Rice or Noodles: which is healthier? Carbs, calories & more

by Joost Nusselder | Updated:  July 18, 2021

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If you are looking for a starchy side for your meals, both rice and noodles make for tasty options.

But if you are trying to pick one based on health, things can get a bit confusing. After all, they are both carbohydrates and they both have a similar consistency.

However, there are some differences that may make one the winner.

Although it is hard to pick a clear winner, this post will guide you through your options and what to look out for in health benefits.

Rice or noodles which is healthier

Now before you say: but it depends on the type of rice or noodles you’re eating!

Sure, you’re always better off choosing the healthiest options:

Healthy options Images
Healthiest noodles: Better Than Noodles Kelp Healthiest noodles: Better Than Noodles Kelp

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Healthiest rice: McCabe Organic Brown Rice Healthiest rice: McCabe Organic Brown Rice

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Here’s how basic white rice and wheat noodles compare:

Rice Nutritional Facts

For a serving size of 1 cup (164 g):

Contents Per serving % Daily value
Calories 166g 8%
   Calories from fat 5g
Total fat 1g 1%
   Saturated fat 0g
   Trans fat 0g
Cholesterol 0mg 0%
Sodium 5mg 0%
Total carbohydrate 35g 12%
   Dietary fiber 3g 12%
   Sugars 1g
Protein 7g
Vitamin A 0%
Vitamin C 0%
Calcium 0%
Iron 5%

The percentage of daily value is based on a 2000 calorie diet.

Noodles Nutritional Facts

For a serving size of 1 cup (140 g):

Contents Per serving % Daily value
Calories 220g 11%
   Calories from fat 11g
Total fat 1g 2%
   Saturated fat 0g 1%
   Trans fat 0g
Cholesterol 0mg 0%
Sodium 183mg 8%
Total carbohydrate 43g 14%
   Dietary fiber 3g 10%
   Sugars 1g
Protein 8g
Vitamin A 0%
Vitamin C 0%
Calcium 1%
Iron 10%

The percentage of daily value is based on a 2000 calorie diet.

How do rice and noodles compare?

Let’s look at that same table for 100g’s for both rice and noodles:

Contents Rice Noodles
Calories 101g 157g
   Calories from fat 3g 8g
Total fat 0.6g 0.7g
   Saturated fat 0g 0g
   Trans fat 0g 0g
Cholesterol 0mg 0mg
Sodium 3mg 130mg
Total carbohydrate 21g 31g
   Dietary fiber 1.8g 2g
   Sugars 0.6g 0.7g
Protein 4.3g 5.7g
Vitamin A 0% 0%
Vitamin C 0% 0%
Calcium 0% 0.7%
Iron 3% 7%

Let’s take a closer look at both of these types of carbs to figure out which one is best:

What is a Carbohydrate?

Before we get into which starch is best for you, let’s take a look at what carbohydrates are and how they work in our bodies.

Carbs have gotten a bad rap over the years. However, they are nutrients that are necessary for our bodies.

When carbohydrates enter our bodies, they are converted to glucose. Glucose serves as fuel for our cells and therefore provides our body with energy.

However, not all carbs are created equal.

There are two types of carbohydrates.

  1. One is a simple carbohydrate: Simple carbohydrates are also known as refined or processed grains. The grains are processed to increase shelf life but during the process, the grain loses some of its nutrients. Foods that are simple carbohydrates include bread, pastries, cakes, and most regular rice and pasta products.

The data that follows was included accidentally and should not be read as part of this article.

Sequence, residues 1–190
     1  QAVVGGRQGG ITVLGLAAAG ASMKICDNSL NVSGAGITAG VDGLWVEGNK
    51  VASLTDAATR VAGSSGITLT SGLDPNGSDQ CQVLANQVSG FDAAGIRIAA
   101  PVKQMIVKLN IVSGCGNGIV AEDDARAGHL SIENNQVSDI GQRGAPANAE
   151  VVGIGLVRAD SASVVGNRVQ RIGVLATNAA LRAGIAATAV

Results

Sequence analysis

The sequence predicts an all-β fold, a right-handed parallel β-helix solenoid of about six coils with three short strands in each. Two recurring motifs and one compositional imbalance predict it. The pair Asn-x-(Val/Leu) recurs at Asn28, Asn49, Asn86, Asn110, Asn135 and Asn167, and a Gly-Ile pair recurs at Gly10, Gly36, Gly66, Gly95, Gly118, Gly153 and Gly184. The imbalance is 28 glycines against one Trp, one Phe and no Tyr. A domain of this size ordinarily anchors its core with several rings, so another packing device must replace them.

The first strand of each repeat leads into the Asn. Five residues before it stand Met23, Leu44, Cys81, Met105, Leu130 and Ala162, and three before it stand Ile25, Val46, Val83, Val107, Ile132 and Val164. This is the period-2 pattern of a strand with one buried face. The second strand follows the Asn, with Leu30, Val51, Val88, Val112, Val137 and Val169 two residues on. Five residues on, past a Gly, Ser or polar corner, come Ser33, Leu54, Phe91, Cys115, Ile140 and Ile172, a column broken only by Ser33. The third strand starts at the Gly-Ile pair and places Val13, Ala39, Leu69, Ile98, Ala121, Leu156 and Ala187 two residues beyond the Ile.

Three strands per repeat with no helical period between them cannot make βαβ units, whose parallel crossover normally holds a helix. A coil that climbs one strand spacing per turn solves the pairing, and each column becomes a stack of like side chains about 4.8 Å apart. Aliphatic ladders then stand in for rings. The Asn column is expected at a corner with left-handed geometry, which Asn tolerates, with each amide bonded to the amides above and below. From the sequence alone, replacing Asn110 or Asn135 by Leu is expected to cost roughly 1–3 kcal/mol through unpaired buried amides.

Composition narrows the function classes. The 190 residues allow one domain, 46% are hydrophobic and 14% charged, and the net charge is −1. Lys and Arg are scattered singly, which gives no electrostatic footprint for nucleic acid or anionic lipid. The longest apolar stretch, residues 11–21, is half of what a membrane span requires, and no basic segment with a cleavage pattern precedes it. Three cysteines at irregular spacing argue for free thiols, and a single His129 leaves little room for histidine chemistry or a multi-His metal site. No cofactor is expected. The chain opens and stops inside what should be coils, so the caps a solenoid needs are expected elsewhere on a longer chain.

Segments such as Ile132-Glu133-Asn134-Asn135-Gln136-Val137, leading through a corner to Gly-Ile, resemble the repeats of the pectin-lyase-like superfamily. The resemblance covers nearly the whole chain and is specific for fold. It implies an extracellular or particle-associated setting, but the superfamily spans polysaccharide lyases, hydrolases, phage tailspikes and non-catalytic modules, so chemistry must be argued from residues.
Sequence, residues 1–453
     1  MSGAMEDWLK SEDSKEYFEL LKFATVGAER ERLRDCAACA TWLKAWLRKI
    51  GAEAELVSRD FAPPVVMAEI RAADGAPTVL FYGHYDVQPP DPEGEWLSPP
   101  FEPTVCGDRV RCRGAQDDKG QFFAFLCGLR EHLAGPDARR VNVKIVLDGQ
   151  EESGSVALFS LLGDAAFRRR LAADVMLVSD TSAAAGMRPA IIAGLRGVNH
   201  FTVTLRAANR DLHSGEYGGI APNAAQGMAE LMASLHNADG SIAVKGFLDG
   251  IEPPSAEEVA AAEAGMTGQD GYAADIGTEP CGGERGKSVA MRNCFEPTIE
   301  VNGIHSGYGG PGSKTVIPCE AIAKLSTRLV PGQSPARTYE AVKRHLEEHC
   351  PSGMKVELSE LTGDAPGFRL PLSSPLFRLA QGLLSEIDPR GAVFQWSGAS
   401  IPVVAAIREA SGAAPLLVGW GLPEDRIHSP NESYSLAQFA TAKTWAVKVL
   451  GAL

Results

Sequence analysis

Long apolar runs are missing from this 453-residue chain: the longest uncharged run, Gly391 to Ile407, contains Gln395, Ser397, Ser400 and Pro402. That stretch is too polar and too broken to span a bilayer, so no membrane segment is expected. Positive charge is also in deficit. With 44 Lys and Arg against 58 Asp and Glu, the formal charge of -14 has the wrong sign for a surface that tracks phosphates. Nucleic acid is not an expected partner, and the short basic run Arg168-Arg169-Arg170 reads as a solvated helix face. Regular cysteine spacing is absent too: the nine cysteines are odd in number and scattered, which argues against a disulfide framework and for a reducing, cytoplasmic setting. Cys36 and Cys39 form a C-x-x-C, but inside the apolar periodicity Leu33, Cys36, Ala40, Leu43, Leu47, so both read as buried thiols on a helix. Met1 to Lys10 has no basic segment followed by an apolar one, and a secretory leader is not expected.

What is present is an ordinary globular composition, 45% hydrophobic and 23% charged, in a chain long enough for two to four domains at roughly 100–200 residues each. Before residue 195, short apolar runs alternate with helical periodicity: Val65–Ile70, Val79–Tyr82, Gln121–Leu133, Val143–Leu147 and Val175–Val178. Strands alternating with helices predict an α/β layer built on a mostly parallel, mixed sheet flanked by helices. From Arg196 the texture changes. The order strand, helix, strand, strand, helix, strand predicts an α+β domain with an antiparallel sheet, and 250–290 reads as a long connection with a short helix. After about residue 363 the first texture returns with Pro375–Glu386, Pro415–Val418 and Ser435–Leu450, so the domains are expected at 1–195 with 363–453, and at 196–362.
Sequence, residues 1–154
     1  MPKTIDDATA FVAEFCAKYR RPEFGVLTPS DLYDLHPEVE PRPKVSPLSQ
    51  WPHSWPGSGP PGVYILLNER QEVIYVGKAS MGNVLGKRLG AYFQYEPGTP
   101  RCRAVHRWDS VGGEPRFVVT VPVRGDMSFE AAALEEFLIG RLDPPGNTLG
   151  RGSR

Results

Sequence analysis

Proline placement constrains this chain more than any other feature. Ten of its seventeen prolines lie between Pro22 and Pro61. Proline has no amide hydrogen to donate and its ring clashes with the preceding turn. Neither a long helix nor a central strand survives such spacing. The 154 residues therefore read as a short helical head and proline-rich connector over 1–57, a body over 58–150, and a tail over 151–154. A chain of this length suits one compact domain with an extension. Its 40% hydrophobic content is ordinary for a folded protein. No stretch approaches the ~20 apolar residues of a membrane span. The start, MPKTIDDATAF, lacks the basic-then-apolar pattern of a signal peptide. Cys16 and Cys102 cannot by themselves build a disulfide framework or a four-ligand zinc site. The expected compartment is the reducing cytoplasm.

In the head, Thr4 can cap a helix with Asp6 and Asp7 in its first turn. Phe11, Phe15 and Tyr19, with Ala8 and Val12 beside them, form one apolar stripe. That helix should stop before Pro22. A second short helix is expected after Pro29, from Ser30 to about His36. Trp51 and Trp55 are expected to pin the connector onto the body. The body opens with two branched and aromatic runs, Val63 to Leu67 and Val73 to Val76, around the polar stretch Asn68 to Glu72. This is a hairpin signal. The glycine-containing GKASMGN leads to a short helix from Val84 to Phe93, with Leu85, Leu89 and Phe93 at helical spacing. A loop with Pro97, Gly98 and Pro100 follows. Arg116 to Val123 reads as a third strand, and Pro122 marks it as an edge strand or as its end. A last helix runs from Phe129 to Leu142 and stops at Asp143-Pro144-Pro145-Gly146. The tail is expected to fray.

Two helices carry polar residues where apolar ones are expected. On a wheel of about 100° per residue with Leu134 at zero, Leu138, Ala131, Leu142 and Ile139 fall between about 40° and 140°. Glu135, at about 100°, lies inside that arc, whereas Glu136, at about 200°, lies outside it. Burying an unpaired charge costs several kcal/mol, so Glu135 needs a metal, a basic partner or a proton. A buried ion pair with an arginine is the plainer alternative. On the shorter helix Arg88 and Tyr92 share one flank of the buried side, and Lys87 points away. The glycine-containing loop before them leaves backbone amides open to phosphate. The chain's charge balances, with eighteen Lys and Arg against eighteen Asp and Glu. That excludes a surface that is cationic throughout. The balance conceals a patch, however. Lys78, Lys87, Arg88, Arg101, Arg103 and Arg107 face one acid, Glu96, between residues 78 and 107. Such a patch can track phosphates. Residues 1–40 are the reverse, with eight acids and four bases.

2. The other type of carbohydrate is the complex carbohydrate: This type of carbohydrate does not go through processing and therefore, has a richer vitamin and mineral content. Common types of complex carbohydrates include bread, quinoa, black rice, brown rice, fruits, and vegetables.

Now let’s take a look at a closer look at which is healthier:


Looking at these two nutritional panels, it’s clear that if you are making a judgment of which food is healthier based on calorie count, rice will come out ahead.

The same number of calories can be found in 100 grams of rice as can be found in 50 grams of noodles. The calorie count here for this amount of food is around 175.

The percentage of fat is also higher in noodles with rice having 1% fat as compared to noodles’ 2%.

However, it should be noted that certain types of rice, like fried rice, can be higher in fat and calories.


Neither noodles nor rice is exceptionally rich in vitamins and minerals. However, both do contain iron which is a necessary nutrient for the body.

Noodles contain 10% iron in comparison to rice’s 5%.

Noodles also contain 1% calcium which is beneficial to bones. Rice does not have any.


Sodium is a mineral that helps control your body’s fluid levels. It also aids in the sending of nerve impulses and muscle control.

However, excessive sodium intake can cause high blood pressure.

Sodium levels are considerably higher in noodles. The carb contains 8% sodium while rice doesn’t have any.


Noodles have a higher carbohydrate percentage than rice. It comes in at 14% in comparison with rice’s 12%.


Fiber is beneficial to gut health. It can reduce blood sugar, lower cholesterol levels and decrease appetite. Rice has a fiber level of 12% beating noodles by 2%.


Protein is a component that plays a role in every cell of your body.

It aids in the building and repairing of tissue and is also used to make enzymes, hormones and other body chemicals.

It is a building block of bones, muscles, cartilage, skin, and blood.

Both noodles and rice have similar amounts of protein with noodles having 8g as compared with rice’s 7g.

Simple or Complex Carbs